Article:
Despite three years of high profile existence, it has neither impressed the public nor the organisations it is supposed to
This blistering verdict was delivered by the Commons Public Accounts Committee, which said the agency needed to take a good look at itself.
In a hard-hitting report, the all-party committee admitted concerns about how the FSA had not yet convincingly demonstrated it could take the lead on food safety issues.
Nor had it managed to become “an authoritative and trusted voice”. The MPs said it needed to do more to pass on information more widely and quickly.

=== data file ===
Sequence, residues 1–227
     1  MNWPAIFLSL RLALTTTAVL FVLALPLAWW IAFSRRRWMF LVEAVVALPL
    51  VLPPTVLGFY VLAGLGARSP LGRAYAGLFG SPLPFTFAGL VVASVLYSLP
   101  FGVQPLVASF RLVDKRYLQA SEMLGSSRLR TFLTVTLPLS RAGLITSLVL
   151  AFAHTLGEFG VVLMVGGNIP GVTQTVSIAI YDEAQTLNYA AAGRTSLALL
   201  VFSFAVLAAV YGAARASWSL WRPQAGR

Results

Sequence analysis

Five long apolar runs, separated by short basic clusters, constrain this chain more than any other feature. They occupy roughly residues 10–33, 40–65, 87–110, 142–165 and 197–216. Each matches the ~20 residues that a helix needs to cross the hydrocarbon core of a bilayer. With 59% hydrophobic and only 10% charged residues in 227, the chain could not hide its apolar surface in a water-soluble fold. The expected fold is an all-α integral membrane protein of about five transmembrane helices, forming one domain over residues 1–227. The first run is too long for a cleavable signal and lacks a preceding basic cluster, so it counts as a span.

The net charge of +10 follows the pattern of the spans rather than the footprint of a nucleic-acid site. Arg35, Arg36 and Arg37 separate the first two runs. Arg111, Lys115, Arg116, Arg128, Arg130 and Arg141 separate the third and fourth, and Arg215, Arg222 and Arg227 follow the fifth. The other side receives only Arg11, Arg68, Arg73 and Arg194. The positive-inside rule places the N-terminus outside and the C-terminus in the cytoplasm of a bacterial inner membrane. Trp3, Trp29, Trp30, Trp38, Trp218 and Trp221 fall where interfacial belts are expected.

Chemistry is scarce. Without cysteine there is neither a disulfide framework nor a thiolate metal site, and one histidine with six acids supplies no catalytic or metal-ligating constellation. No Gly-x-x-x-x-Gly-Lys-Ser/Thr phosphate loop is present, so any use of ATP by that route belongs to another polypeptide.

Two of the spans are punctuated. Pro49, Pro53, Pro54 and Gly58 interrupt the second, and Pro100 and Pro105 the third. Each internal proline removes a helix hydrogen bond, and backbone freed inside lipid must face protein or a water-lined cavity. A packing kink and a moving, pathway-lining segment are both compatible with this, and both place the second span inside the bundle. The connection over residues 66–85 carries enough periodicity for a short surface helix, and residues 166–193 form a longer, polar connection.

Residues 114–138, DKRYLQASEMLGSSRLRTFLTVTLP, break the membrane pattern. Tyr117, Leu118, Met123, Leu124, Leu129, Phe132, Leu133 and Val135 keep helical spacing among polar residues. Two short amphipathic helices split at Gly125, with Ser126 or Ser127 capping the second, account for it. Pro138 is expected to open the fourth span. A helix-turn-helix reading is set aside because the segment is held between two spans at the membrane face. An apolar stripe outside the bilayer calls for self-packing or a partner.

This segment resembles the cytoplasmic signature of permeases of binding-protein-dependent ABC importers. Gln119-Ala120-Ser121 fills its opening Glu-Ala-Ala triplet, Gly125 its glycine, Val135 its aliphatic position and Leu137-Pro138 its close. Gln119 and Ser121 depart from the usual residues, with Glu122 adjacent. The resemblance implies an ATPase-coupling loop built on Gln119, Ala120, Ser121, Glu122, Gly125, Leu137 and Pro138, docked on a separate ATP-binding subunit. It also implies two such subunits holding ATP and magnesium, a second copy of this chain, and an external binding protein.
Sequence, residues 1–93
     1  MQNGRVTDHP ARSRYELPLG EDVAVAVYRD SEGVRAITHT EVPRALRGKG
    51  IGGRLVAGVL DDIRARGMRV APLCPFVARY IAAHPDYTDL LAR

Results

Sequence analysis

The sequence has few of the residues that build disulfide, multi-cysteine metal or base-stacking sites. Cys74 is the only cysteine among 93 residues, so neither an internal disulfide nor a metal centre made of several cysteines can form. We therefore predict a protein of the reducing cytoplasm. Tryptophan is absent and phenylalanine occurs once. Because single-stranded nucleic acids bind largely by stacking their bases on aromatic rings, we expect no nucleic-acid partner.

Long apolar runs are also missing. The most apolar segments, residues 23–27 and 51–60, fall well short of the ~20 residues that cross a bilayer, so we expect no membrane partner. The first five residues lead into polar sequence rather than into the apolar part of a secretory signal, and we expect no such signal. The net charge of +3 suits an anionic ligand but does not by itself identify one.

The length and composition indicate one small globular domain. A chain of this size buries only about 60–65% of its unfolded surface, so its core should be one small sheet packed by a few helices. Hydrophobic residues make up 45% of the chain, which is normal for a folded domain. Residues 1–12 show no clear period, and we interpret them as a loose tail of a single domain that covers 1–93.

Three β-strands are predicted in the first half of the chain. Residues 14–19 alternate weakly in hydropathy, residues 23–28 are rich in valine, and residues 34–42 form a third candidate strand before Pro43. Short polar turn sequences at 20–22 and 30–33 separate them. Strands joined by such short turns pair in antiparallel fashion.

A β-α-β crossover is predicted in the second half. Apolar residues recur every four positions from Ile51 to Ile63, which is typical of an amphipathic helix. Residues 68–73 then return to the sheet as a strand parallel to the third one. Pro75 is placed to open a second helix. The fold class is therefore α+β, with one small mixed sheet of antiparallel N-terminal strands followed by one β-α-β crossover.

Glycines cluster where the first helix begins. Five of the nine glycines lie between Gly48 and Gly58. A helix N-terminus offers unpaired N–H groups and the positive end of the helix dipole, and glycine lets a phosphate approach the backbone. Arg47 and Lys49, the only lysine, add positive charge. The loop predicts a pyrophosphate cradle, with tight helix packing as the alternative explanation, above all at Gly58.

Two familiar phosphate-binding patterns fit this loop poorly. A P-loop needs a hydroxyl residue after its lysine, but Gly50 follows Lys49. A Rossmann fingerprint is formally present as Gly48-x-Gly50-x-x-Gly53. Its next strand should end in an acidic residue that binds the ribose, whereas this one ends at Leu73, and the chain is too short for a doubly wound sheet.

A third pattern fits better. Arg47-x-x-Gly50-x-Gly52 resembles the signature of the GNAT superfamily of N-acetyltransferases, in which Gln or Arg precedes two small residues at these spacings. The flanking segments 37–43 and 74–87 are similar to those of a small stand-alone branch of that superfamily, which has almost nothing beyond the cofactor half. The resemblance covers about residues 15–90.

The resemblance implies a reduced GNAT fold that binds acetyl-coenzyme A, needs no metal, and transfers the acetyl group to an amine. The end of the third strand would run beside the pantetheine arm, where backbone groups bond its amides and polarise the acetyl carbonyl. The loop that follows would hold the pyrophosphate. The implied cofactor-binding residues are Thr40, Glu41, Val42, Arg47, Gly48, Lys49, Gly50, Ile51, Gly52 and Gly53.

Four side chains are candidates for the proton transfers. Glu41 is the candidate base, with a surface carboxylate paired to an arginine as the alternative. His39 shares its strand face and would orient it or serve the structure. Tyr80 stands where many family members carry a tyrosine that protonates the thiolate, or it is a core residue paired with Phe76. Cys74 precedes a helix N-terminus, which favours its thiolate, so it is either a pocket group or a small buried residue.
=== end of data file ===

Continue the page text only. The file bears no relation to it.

In addition, clarity was needed about the agency’s roles and responsibilities. The committee’s Tory chairman Edward Leigh said: “It is disturbing the FSA has not yet demonstrated convincingly it is able to lead on issues of food safety and standards. It needs to monitor the extent to which its advice and information is being used - and develop a long-term strategy to boost its profile.”
A spokeswoman for the FSA said: “We recognise there is still a lot more that we need to do to and we will draw on the report as we develop our work”.
However, she added that according to the FSA Consumer Attitudes Survey, to be published in the new year, public awareness of the agency was now at 76%.